An anonymous reader writes: Kazakh news site BNews.kz reports that Mukhtarbay Otelbaev, Director of the Eurasian Mathematical Institute of the Eurasian National University, found the solution to another Millennium Prize Problems. His paper, which is called “Existence of a strong solution of the Navier-Stokes equations" and is freely available online (in Russian), may present a solution to the fundamental partial differentials equations that describe the flow of incompressible fluids for which, until now, only a subset of specific solutions have been found. So far, only one of the seven Millennium problems was solved — the Poincaré conjecture, by Grigori Perelman in 2003. If Otelbaev solution is proven, not only it might be the first time that the U$1mi offered by the Clay Millennium Prize will find a home (Perelman refused the prize in 2010), but also engineering libraries will soon have to update their Fluid Mechanic books, and Kazakhstan will find a new reason to be remembered by the public (other than mockumentaries).

Submission + - MPAA joins W3C; bigger anti-DRM push needed (zdnet.com) 2

ciaran_o_riordan writes: The W3C has announced a new member: the MPAA. Oh. Which makes this a good time to see whatever happened to last Summer's campaign against DRM in HTML5. It's still there. W3C took a lot of criticism, but the plan hasn't changed. DRM ("Encrypted Media Extensions") was still there in the October 2013, and in the January 2014 drafts. Tim Berners-Lee is still defending DRM. For the technical details, there are many good pages. What's at stake? It'd be like Flash or Silverlight websites, but instead of being really hard to make free software viewers/browsers, it'll be almost impossible, not to mention possibly illegal in the many countries which prohibit "bypassing technical protection mechanisms". And our work to get governments to use open standards will end up used against us when free software can't tick all the boxes in a public tender that specifies a "W3C HTML5 based" DRM system. More pressure is needed. One very small act is to sign the no DRM in HTML5 petition. A good debate is: "What's more effective than a petition?" But please sign the petition first, then debate it. It's also worth considering giving to the annual appeal of FSF, the main organisation campaigning against this.

Submission + - TPP Fast-Track Bill Hits US Congress

Crayz9000 writes: Slashdot previously covered the unwanted elements of the Trans-Pacific Partnership agreement. Now a bill has hit the floor of the US Congress which would grant Congress the ability to fast-track it and future trade agreements into becoming law. Fight for the Future has a tool to allow US citizens to look up and contact their Congressmen. Full text of the bill is available on the Senate site. From the Senate brief:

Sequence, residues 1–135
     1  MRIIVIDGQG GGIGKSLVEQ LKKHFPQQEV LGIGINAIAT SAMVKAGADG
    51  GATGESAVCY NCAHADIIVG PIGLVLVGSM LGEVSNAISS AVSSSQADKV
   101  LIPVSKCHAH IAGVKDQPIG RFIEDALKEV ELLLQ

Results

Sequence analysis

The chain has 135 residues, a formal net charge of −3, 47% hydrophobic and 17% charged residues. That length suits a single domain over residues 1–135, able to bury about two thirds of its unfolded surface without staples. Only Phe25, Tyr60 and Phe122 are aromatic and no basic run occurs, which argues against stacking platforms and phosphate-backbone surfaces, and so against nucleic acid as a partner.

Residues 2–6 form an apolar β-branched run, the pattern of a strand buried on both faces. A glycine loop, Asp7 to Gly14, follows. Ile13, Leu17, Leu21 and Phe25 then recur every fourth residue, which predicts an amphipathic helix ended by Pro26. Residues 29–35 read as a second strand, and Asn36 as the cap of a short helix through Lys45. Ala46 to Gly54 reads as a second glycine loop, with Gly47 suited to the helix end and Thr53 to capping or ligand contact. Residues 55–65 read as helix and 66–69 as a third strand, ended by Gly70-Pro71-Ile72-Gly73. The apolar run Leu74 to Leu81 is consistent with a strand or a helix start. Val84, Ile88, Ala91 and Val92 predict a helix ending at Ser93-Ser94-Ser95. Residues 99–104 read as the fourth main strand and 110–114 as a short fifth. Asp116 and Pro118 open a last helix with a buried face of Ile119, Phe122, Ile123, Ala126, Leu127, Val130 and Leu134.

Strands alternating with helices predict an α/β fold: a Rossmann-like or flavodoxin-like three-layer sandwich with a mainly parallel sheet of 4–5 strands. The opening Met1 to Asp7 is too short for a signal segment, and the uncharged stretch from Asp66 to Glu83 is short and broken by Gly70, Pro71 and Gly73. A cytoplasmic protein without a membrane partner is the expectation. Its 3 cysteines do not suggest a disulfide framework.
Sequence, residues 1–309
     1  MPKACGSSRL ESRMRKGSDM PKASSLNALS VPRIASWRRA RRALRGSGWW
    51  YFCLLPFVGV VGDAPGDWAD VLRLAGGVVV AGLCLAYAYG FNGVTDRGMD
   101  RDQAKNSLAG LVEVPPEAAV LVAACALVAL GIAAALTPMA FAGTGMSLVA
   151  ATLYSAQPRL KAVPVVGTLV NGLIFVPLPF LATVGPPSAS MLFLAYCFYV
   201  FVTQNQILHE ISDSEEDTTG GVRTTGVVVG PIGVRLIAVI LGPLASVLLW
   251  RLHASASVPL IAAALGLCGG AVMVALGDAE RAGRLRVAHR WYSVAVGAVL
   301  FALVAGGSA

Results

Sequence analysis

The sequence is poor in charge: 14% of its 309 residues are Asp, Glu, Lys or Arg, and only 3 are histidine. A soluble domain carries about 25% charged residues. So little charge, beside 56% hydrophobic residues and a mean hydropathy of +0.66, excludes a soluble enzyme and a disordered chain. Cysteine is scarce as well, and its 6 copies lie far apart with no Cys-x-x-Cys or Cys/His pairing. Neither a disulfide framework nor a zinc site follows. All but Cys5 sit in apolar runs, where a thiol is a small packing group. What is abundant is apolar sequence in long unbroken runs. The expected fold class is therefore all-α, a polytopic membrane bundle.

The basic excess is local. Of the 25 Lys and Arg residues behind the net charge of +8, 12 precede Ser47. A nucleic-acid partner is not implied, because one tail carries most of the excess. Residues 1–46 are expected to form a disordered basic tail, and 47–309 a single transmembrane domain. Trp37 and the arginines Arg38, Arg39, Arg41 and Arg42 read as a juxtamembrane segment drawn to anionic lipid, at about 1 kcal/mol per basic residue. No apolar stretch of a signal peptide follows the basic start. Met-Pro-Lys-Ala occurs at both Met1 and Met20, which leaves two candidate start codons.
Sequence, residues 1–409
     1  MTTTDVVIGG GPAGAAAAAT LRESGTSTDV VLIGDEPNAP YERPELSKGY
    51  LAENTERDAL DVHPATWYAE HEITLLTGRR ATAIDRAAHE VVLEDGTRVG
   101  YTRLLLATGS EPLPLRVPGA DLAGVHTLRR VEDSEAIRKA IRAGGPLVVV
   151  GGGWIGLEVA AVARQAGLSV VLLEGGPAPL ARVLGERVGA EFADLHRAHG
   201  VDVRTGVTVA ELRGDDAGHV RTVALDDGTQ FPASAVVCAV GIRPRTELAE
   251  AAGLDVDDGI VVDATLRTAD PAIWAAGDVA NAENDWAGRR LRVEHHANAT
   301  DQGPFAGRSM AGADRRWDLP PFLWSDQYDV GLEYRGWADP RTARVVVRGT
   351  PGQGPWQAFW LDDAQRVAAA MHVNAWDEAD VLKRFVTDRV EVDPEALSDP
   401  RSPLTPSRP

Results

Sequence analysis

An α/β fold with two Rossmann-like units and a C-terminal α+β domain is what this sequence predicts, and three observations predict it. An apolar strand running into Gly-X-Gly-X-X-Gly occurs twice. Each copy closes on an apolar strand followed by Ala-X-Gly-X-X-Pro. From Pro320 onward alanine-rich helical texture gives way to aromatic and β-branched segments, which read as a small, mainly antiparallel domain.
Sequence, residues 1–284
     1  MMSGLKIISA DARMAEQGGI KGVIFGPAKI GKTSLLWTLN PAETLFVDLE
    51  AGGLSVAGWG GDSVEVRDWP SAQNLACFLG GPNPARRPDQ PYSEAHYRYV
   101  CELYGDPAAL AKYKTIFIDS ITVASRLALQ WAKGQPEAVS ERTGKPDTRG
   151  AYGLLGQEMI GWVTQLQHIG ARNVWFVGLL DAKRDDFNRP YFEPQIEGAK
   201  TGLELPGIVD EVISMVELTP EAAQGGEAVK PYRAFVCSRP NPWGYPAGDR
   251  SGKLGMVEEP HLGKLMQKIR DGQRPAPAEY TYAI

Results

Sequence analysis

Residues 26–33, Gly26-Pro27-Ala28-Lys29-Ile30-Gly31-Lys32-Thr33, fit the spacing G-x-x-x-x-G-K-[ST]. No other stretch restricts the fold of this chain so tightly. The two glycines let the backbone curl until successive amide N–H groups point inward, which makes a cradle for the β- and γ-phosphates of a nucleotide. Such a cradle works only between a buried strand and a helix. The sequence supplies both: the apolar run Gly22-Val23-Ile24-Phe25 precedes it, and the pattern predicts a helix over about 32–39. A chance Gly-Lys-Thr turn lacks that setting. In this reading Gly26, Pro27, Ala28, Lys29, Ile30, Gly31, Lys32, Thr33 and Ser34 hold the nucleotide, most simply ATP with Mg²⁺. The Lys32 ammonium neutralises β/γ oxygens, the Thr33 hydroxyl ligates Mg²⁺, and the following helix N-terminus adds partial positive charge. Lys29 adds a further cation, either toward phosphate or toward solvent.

WASHINGTON — Senate Finance Committee Chairman Max Baucus (D-MT), Ranking Member Orrin Hatch (R-Utah) and House Ways and Means Committee Chairman Dave Camp (R-MI) joined together today to introduce legislation that will establish strong rules for trade negotiations and Congressional approval of trade pacts, to deliver trade agreements that boost U.S. exports and create American jobs.

"Create jobs", of course, being the catch-all euphemism for enriching Big Media.

Submission + - Security Experts Call for Boycott of RSA Conference in NSA Protest

Hugh Pickens DOT Com writes: ZDNet reports that at least eight security researchers or policy experts have withdrawn from RSA's annual security conference in protest over the sponsor's alleged collaboration with the National Security Agency. Last month, it was revealed that RSA had accepted $10 million from the National Security Agency to implement an intentional cryptographic flaw, commonly called a backdoor, in one of its encryption tools. The withdrawals from the highly regarded conference represent early blowback by experts who have complained that the government's surveillance efforts have, in some cases, weakened computer security, even for innocent users. Jeffrey Carr, a security industry veteran who works in analyzing espionage and cyber warfare tactics, took his cancellation a step further calling for a boycott of the conference, saying that RSA had violated the trust of its customers. "I can't imagine a worse action, short of a company's CEO getting involved in child porn," says Carr. "I don't know what worse action a security company could take than to sell a product to a customer with a backdoor in it." Organizers have said that next month's conference in San Francisco will host 560 speakers, and that they expect more participants than the 24,000 who showed up last year. "Though boycotting the conference won't have a big impact on EMC's bottom line, the resulting publicity will," says Dave Kearns. "Security is hard enough without having to worry that our suppliers — either knowingly or unknowingly — have aided those who wish to subvert our security measures."

Submission + - EU Copyright Reform: Your input is needed! (copywrongs.eu)

An anonymous reader writes: The European Commission has finally (as of last month) opened its public consultation on copyright reform. This is the first time the general public can influence EU copyright policy since fifteen years back, and it is likely at least as much time will pass until next time. In order to help you fill out the (enlish-only, legalese-heavy) questionnaire, some friendly hackers spent some time during the 30c3 to put together a site to help you. Anyone, EU citizen or not, organisation or company, is invited to respond (deadline fifth of February). Pirate MEP Amelia Andersdotter has a more in-depth look at the consultation.

Submission + - Facebook tracks the Status Updates and Messages You Don't Write too. (slate.com) 1

Jah-Wren Ryel writes: Do you think that facebook tracks the stuff that people type and then erase before hitting (or the “post” button)? Turns out the answer is yes. If you start writing a message, and then think better of it and decide not to post it, Facebook still adds it to the dossier they keep on you.

Submission + - UK Goverment sedates a pregant woman and takes baby from womb (metro.co.uk)

metrix007 writes: The UK Goverment as part of it's onward march to becoming a full police state has reached a new low. British Social Services received a court order to sedate a woman and perform a ceasarian section to take custody of the unborn child. The woman was an Italian citizen who was in the UK for training. Her family stated the "breakdown" was due to her not taking her mediccation for her bi-polar condition. This is a new low...not only did they deprive a mother of childbirth and bonding with her child, they did it with little cause to someone who was not even a British citizen, but a visitor. Appaling.

Submission + - DHS Now Censoring Imported Videos (google.com) 6

Jah-Wren Ryel writes: J. Michael Straczynski (Babylon 5, Thor, He-Man) reports that US Customs now requires a Video Declaration Form be completed for any imported DVDs. The form requires that you "declare the the films/videos contain no obscene or immoral matter, nor any matter advocating or urging treason or insurrection against the United States, nor any threat to take the life of or inflict bodily harm upon any person in the United States."